Good read and following the news and Shurat hadin's work, it was fascinating to read about the Mossad's initiative that got it all started it, as well as the Mossad's behind the scene financial counter-terrorism operations.
  • David Guy
    January 1, 1970
    The bottom lineThe bottom line in fighting terrorism is 'Follow the Money'. Comprehensive yet the final chapter is missing. Not one word about Obama gifting Irans with billions of dollars.
  • Karen
    January 1, 1970
    Very detailed account of how the Israelis got involved in setting up the vehicles through which to go after the terrorists by cutting off their illegally gotten funds that were transferred from all over the globe, including the US.
  • Josh
    January 1, 1970
    As reviews by Naama and Kay suggest, I would have been content reading only the Preface and Afterward. However, for all the spy novel style & details, it was easy to read.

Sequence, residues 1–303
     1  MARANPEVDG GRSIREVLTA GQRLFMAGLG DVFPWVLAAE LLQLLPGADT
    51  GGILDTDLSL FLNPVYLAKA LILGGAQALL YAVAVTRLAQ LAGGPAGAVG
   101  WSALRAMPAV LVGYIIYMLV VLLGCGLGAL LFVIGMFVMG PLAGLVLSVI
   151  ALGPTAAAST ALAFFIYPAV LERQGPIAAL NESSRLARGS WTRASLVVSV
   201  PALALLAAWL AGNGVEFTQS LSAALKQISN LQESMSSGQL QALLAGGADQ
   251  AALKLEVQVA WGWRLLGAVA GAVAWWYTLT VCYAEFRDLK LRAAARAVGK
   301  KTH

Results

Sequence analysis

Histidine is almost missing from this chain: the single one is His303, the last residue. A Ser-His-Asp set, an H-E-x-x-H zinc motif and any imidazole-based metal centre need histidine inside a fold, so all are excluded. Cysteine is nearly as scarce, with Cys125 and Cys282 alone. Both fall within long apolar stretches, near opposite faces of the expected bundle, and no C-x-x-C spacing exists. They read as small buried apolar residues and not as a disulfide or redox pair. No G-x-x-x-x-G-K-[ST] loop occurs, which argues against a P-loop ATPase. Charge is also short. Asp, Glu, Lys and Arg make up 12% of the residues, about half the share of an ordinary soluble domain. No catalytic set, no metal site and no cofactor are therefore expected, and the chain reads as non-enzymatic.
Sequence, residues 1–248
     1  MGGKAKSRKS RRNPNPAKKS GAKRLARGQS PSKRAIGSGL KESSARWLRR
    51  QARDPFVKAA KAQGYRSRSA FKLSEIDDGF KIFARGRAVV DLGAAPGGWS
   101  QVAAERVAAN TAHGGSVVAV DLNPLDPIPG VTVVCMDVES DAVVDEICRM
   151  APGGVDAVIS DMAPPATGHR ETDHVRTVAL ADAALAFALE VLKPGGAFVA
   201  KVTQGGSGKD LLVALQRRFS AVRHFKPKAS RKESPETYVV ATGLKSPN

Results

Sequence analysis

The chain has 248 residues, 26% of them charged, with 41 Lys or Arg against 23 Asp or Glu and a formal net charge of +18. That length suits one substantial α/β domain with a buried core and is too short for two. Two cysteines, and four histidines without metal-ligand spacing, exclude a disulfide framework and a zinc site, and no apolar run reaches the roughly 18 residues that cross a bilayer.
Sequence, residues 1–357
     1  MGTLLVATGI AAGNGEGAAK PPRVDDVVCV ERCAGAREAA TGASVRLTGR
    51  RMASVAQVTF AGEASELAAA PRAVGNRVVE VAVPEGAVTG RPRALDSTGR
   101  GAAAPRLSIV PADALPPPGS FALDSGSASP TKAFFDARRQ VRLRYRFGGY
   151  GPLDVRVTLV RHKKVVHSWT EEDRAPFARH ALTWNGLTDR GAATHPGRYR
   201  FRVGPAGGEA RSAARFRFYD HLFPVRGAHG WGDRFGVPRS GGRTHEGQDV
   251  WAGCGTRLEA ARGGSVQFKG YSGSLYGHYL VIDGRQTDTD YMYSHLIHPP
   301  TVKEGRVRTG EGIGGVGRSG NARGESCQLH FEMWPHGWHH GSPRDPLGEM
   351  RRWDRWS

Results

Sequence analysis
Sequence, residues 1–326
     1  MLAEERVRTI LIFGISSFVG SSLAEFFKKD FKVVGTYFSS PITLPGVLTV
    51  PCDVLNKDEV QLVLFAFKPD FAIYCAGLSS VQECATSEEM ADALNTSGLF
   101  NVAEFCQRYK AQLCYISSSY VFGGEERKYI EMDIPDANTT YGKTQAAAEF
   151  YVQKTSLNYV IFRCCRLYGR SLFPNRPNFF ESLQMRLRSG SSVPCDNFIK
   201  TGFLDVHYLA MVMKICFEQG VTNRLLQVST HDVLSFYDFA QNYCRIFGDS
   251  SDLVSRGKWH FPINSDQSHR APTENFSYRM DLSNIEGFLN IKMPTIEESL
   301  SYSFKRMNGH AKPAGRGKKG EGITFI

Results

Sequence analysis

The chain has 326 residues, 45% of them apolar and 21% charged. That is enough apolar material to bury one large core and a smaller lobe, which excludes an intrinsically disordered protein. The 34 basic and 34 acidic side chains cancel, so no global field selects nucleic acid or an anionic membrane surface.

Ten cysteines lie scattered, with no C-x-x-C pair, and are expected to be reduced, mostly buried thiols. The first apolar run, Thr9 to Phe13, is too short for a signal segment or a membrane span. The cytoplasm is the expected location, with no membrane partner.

• Stephen Boiko
    January 1, 1970
    It was all about follow the money!
  • Yves Farhi
    January 1, 1970
    Phenomenal book. War against evil terrorists must be fought with weapons and by the way it has been described in this book in other ways. Really cool insights in Meir Dagan leadership skills.
  • Eli Simon
    January 1, 1970
    Great book that uses a captivating bio of a top spy to highlight an alarming connection between terrorism, finances and drug cartels.
  • Jesse D
    January 1, 1970
    Zzzzz...
  • Joel Flamholz
    January 1, 1970
    Relatively well written. Very good review of Israel's fight against terrorism.
  • John Fritsche
    January 1, 1970
    A great book! Sheds light on the dark and sick world of terrorist enterprises and their supporters. The historical background is very thorough.
  • E Frank Bayer
    January 1, 1970
    Story was very interesting, great look into how terrorism and money are all tied together. Learned about the inner workings of the Mossad.
  • R
    January 1, 1970
    Fascinating